As you know, not all years are profitable for a business.

So, it’s understandable that there could be years when there may not be an increase. In that case, the two-year guideline remains ideal. On the other hand, if it’s a business or organization that’s growing very well, and you are putting in your best day in day out, it’s smart not to let any year go by without asking for a raise.

Can you get fired for asking for a raise?

Interesting question if you ask me. Luckily, I explained in a recent article that in at-will states, an employee can be given the pink slip for any reason that doesn’t violate the law. Most employers won’t fire you for asking for a raise. But, I went on to share a caveat.

Just click the link to read it on my site.

What to do if your boss won’t give you a raise

If a boss denies a raise, ask for feedback on what needs to be improved and specifically what improvements are needed to justify a raise. Ask for a timeframe in which to show the improvement and schedule a follow-up meeting after that date.

Ideally, you want to double your efforts and focus on contributing your best in the hope that 6 months or a year down the line, when you make a request again, it would be granted.

It’s smart not to be overly emotional about the rejection because your performance is not the only reason why an employer may reject your request.

The company’s financial health and the timing of the request are other vital factors.

Once you have feedback on why the request for the raise was rejected, you want to act on it. Even if it’s not related to your performance, you want to focus on ensuring that you are giving your best and that your interpersonal skills are top-notch.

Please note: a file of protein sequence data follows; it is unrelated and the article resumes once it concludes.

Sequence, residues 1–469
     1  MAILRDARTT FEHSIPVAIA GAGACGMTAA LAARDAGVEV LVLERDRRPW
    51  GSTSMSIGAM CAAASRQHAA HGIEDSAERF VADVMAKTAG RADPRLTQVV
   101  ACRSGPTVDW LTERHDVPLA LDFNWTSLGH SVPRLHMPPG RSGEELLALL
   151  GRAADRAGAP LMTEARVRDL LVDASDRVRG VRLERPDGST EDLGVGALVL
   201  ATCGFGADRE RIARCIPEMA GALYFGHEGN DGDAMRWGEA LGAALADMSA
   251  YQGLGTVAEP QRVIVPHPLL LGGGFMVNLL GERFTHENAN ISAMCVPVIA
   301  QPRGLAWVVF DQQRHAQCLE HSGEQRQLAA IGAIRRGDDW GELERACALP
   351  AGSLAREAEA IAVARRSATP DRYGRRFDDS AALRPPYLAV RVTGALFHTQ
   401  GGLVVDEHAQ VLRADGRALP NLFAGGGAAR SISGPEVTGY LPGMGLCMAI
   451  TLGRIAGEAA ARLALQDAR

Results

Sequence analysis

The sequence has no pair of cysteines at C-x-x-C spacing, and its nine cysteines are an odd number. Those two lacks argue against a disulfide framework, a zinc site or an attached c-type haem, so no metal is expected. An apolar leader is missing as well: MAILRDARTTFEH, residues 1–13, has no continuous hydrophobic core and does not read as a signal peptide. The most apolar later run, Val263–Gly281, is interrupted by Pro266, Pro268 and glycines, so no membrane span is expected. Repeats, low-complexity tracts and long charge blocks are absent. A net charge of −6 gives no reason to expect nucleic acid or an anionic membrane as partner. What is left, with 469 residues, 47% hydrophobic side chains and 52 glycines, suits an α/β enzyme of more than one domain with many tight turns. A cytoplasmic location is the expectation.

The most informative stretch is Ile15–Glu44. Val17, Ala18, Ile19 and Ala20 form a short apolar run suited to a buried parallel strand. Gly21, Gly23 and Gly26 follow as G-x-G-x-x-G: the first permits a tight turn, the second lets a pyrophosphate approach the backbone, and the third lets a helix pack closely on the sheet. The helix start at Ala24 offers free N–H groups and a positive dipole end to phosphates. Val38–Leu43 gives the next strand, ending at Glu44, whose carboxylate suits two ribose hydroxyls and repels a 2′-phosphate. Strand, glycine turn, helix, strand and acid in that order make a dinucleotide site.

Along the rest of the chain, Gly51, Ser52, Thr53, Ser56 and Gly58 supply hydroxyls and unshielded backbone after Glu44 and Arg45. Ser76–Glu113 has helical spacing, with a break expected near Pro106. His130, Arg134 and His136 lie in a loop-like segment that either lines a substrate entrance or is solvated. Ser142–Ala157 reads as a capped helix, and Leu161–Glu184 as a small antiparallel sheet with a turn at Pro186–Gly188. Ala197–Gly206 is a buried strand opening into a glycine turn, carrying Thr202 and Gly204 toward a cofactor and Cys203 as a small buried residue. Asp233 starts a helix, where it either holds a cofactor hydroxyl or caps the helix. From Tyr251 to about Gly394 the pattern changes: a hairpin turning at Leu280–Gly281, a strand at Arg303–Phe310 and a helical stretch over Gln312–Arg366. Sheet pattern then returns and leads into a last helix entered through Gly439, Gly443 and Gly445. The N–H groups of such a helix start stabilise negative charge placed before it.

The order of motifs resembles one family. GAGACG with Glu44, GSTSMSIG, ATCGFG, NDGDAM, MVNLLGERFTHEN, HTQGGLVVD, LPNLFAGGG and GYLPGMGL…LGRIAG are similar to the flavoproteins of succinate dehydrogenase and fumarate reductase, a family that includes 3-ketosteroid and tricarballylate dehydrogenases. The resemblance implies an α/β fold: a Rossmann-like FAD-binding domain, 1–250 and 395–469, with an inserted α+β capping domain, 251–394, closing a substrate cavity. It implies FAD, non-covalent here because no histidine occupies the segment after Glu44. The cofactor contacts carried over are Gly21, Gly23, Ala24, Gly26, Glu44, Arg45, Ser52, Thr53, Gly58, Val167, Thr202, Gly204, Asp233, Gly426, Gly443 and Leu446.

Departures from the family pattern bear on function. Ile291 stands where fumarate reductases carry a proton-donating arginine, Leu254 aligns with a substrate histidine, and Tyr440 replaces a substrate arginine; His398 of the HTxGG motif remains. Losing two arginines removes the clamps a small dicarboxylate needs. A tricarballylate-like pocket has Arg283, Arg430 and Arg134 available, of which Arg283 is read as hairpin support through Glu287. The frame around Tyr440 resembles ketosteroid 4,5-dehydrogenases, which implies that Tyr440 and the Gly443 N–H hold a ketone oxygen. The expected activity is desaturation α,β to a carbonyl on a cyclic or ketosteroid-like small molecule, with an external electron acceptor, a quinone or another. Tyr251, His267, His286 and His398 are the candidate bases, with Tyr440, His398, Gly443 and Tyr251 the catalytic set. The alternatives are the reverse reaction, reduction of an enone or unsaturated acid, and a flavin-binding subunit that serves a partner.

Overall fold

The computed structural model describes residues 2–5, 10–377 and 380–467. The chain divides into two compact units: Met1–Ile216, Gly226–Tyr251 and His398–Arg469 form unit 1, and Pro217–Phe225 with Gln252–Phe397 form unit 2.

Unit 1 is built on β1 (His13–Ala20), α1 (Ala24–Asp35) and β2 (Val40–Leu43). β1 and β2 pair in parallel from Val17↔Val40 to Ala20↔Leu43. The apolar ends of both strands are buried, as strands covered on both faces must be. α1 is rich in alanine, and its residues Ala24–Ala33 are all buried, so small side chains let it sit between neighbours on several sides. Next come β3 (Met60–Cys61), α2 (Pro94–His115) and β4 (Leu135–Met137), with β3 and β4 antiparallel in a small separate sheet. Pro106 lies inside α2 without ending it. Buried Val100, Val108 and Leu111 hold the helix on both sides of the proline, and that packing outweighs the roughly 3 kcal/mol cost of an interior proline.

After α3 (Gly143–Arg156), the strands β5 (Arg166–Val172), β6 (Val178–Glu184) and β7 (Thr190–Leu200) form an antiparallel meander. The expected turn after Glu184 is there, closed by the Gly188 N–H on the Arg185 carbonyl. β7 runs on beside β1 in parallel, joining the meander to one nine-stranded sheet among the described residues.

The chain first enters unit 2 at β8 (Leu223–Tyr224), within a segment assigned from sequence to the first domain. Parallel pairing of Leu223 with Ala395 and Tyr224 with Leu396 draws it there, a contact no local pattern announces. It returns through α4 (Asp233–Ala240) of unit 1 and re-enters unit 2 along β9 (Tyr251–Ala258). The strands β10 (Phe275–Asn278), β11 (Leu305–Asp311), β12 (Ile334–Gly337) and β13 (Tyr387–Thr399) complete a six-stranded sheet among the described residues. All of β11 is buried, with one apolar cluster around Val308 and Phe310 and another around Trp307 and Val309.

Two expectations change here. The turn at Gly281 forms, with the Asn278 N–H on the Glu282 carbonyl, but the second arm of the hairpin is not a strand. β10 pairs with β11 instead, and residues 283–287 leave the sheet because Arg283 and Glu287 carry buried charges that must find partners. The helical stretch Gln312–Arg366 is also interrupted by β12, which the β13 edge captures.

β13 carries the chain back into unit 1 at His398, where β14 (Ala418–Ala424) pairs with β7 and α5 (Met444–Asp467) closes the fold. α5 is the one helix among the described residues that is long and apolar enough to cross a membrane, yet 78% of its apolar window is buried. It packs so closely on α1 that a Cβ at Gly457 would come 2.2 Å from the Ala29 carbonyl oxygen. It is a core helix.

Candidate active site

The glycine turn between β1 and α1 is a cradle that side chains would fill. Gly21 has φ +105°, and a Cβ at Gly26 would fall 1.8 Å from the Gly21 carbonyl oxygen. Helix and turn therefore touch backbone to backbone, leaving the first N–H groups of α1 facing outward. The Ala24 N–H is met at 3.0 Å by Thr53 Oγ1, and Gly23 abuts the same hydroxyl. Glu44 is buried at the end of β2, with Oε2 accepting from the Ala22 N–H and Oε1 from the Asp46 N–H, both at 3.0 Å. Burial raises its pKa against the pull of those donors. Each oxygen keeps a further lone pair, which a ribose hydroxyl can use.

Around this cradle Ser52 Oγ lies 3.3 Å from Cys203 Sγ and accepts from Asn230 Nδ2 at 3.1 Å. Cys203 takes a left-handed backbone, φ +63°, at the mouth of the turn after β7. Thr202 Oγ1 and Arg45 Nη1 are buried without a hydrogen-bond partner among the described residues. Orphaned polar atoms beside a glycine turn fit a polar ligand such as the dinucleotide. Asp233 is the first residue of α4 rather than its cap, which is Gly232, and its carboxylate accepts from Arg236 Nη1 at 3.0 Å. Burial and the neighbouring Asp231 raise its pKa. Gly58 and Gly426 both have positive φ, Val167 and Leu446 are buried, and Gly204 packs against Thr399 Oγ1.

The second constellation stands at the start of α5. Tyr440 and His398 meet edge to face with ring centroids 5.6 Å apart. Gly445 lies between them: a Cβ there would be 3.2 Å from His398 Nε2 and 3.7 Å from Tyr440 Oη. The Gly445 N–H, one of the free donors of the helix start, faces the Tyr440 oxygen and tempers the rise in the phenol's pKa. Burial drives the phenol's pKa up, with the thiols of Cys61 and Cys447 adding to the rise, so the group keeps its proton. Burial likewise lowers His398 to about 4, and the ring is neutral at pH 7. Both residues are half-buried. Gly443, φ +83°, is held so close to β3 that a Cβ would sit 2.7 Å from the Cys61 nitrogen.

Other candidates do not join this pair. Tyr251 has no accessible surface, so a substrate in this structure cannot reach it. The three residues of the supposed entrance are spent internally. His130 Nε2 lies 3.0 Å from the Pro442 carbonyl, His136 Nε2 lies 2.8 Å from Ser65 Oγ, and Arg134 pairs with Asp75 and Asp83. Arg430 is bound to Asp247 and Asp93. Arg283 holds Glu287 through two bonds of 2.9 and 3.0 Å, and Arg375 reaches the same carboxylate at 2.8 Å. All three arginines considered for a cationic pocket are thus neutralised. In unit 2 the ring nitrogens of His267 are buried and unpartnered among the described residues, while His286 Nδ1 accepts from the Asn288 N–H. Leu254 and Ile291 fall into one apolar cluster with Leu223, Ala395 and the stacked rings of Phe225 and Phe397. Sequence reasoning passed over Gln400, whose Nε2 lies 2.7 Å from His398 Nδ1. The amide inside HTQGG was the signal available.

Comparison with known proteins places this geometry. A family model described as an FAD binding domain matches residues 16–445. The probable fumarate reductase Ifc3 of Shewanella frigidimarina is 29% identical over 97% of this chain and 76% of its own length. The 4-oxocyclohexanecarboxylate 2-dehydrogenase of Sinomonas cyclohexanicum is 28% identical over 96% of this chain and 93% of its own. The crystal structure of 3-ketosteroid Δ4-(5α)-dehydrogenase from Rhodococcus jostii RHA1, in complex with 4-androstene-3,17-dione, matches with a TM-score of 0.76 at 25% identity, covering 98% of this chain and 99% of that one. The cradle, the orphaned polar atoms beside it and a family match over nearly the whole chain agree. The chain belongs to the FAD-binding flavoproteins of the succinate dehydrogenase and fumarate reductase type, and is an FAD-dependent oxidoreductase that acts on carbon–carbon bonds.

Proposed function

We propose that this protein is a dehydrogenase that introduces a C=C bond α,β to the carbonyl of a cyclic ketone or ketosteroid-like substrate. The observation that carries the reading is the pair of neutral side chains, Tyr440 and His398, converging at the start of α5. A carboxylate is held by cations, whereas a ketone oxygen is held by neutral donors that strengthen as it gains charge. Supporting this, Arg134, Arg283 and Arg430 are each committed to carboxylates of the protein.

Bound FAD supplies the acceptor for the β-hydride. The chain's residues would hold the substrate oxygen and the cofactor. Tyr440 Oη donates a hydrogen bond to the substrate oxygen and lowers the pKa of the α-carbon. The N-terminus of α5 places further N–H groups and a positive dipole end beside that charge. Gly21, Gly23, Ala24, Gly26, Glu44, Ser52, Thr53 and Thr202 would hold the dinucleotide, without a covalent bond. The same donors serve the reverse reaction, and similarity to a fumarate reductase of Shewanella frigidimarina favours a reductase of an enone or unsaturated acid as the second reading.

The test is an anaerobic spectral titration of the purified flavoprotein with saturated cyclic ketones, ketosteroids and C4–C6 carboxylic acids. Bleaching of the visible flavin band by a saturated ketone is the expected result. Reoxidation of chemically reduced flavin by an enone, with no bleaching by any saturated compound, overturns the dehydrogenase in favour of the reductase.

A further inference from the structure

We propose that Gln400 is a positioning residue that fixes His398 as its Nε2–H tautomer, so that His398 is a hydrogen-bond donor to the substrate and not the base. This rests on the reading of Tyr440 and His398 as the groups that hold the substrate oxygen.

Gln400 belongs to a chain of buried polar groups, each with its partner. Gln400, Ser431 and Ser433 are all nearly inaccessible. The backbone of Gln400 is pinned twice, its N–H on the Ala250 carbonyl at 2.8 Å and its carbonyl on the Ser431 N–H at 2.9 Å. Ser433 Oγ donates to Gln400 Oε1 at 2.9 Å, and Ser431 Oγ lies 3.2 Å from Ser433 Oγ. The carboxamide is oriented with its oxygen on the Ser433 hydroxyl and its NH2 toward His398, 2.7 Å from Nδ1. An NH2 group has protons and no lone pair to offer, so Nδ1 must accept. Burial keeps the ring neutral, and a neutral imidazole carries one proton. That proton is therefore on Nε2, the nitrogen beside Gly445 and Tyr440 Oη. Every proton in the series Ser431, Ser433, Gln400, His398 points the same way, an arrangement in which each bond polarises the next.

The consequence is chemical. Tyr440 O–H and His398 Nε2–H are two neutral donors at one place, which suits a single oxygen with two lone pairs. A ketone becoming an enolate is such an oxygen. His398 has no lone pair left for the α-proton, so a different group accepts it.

You don’t want to be the super-efficient employee that nobody likes being around!

In summary: improve yourself, redouble your efforts to the company, and then ask after 6 months.

Why do employers not give raises?

Poor or mediocre work performance is the most common reason for a company to not give raises. But there are times when a company might be struggling financially or is financing a capital-intensive project and therefore may not prioritize giving raises to its employees.

Let’s look at some of the reasons why an employer may not give raises:

  • You’re not delivering your best
  • You’re not a team player and there are many complaints about you
  • You’re not a good fit for the company’s culture
  • You’re not building your capacity
  • You’re known to be disrespectful and a catalyst for creating a hostile work environment 
  • You’re often absent from work
  • You’ve threatened co-workers in the past
  • You’ve threatened to leave

All the reasons above are self-explanatory. In a nutshell, you don’t want to be a toxic or deadbeat employee. Employers and managers want hard-working folks who get on well with others.

Folks who go beyond the call of duty, not those merely going through the motions.

You don’t want to be an “average” employee. If you’re exceptional, it won’t be difficult to get raises. You want to be so exceptional that you don’t ask for raises before management. Instead, on their own, they decide, “this is someone we must keep and elevate.”

Interested in working in a grocery store? Which one pays the best?

I showed in a recent article that Whole Foods and Costco (as of the time of writing) pay the best. They have a starting wage of $15 per hour.

Just click the link to read it on my site.

Conclusion

It would be nice to get cost of living raises often, right?

Well, we learned in the article that they are not required by law. So, it is not against the law when an employer does not give them.

We also learned that there is no definitive length of time for asking for raises. But, if you’re not underperforming and have great interpersonal skills, you may not want 2 years to pass before asking for or not getting a raise.

Lastly, we looked at actions to take if the boss refuses a request for a raise and the reasons why they are often rejected.

 
Jeff Campbell